Tuesday, December 25, 2007

Training Log 2007

This post is for Adam, Matthew and Mike. Nobody else will likely care. Tomorrow I will go for a 20-minute run (2.5 miles) and officially close out my training log for 2007. This will officially put in the books arguably the worst running year I have had as an adult. Counting tomorrow, I will have run only 95 times, for a total of 301 miles. For the first time in recent memory, I have not worn out a single pair of shoes in a calendar year. The 95 runs and the 301 are the second-lowest total I've had in 10 years, and the 3.2 mile-per-run average is my lowest ever recorded. The only other year that compares to this one was 2001, a year in which I was injured for a long time (no such excuse this go around). To give you some idea about how long ago that was, I earned the injury fooling around in the school weight room with a junior named Walker Bruce. Walker is now on the faculty at my school and is my assistant coach for horizontal jumps. Moreover, my longest run this year was 6 miles. This is the first year in memory where I have not run for an hour consecutively at any time during the year. Needless to say, there were no races this year. So no highlights, but at least no low-lights, either.

Still, the story's not all bad. This is my 10th complete training log since I began formal record-keeping in 1998. (I ran off and on throughout the 90's, including a marathon in '96, but never logged a single run; in college I basically only ran while playing sports, but once a year I would go out and break 6:00 for the mile just to make sure I still could--I didn't run, but I wanted to make sure I was still a runner.) In those 10 years there has been only one calendar month that I've logged a zero. That was July of 2005, when I drove cross-country 7000 miles, but didn't run one. In that time, I've logged a total of 5200 miles, so that's 520 a year, or 10 miles per week for 10 years. That counts many weeks of 20-30 mpw and many weeks of zero, but comes out to hitting the road 2-3 times a week for about 4 miles each. I guess I've laced 'em up and headed out the door around 1300 times in that span. That includes many runs with the heat index above 100, substantially fewer bundled up in cold-weather gear, many in drizzle, a couple in monsoon, and at least one each in a snow flurry and in a hurricane. I've run alone and with a team, in singles (one run a day) and doubles, for training, for racing, and just for fun, and sometimes just because I'm a runner.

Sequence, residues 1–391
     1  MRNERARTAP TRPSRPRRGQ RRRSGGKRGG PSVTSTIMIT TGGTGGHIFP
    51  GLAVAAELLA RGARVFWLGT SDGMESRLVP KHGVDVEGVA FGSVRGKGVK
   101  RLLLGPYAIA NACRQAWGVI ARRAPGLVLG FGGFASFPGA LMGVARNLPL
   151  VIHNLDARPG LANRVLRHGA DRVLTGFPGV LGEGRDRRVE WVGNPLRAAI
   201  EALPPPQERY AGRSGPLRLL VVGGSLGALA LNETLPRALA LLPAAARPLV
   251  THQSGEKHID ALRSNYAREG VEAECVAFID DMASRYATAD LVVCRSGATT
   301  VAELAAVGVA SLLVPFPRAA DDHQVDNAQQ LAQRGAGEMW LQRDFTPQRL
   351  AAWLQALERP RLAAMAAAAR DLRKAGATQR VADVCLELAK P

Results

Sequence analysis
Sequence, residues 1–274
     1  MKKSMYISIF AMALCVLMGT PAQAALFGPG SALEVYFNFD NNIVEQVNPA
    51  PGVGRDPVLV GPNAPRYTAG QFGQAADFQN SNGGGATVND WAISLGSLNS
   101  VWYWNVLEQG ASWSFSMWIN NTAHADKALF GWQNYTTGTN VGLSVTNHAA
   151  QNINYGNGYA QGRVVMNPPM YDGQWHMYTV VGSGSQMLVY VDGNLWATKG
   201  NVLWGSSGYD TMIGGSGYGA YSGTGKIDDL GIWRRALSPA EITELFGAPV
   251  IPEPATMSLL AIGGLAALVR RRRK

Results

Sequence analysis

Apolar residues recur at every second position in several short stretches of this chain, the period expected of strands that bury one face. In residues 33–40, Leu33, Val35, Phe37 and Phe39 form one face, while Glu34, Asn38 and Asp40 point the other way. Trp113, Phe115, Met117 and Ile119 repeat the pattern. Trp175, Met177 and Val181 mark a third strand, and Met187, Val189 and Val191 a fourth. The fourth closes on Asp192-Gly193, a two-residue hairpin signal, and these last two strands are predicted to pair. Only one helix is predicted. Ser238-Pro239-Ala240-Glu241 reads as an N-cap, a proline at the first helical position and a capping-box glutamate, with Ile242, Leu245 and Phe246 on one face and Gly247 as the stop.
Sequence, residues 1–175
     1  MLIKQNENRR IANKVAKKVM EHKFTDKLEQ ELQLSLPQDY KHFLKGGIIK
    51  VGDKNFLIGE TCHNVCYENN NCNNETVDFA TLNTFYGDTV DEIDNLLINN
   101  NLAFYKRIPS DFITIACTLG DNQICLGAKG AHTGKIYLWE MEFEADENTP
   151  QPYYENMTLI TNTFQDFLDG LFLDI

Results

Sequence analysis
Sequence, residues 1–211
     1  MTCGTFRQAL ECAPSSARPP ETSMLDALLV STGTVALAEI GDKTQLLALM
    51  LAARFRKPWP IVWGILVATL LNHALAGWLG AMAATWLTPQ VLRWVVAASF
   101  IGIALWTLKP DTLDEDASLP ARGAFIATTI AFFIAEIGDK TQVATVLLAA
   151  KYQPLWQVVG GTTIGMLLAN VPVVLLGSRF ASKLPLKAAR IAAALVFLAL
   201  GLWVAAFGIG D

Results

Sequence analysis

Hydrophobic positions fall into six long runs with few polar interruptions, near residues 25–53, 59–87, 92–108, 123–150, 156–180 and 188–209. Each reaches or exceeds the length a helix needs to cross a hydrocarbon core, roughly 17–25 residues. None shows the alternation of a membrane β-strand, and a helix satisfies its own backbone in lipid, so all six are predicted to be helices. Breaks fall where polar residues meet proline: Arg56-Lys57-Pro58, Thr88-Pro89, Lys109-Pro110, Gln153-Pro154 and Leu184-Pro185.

And that, I think, is the important thing. This year I was a bad runner. Next year I hope to be a better one. My days of getting faster and faster are pretty much done, but runners do not go gently into that good night. In a month I'll kick off the beginning of my 40th year on this planet (and at the end of that time I'll be a masters runner--that sounds so much nicer than fogey). But ever since my dad timed me in a 7:26 mile on a clay track with my grandfather's analog stopwatch in 1983, I've been a runner. That day, I discovered part of who I am. 25 years this year, 10 of them committed to the record books. I can't wait to begin a new chapter.

4 comments:

super Hubby said...

do you realize i have had 5 surgeries this year and logged more mileage than you??? Our first goal should be to both show up this summer in shape and ready to run. This was a bad running year for me as well as I didn't really meet any of my goals. Looking forward to 2008.

bekster said...

I was thinking that with many hobbies/activities, it is common for people to be really into it for a time, then let it go for a while, then come back to it in full force. This is how I am with guitar playing. If I had bothered to keep track of when and for how long I have played and could graph it, the dots would be all over the place. However, you can't really do that with something like running. If you don't keep up with it, I guess you sort of "lose" it, or at least when you try to get back into it you are older than you were when you did it before so it is harder. I know what you mean, though, about feeling that "being a runner" is part of who you are. I would classify myself as a "musician" or a "guitar player," or at the very least a "music person," even in years when I barely pick the guitar up at all. It is not so much the quantity of time involved as it is the connection to your soul. I also feel that I am a "piano player," but I don't even have a piano or a keyboard in my home right now. When I am able to play, though, at my parents' house or something, it feels really good because I am getting back in touch with a part of me that has been neglected for a while. Likewise, I hope for you that in 2008 you can get past all of the obstacles of age and feel fully yourself again.

MichaelPolutta said...

So, you're turning 39, eh?

Youngster!

MichaelPolutta said...

I should log my exercise.

I only have one tracking signal - the beltline. Usually that is more a signal of my late-night snacking than of my exercise consistency.

Late-night snacking is likely my weakest self-discipline area.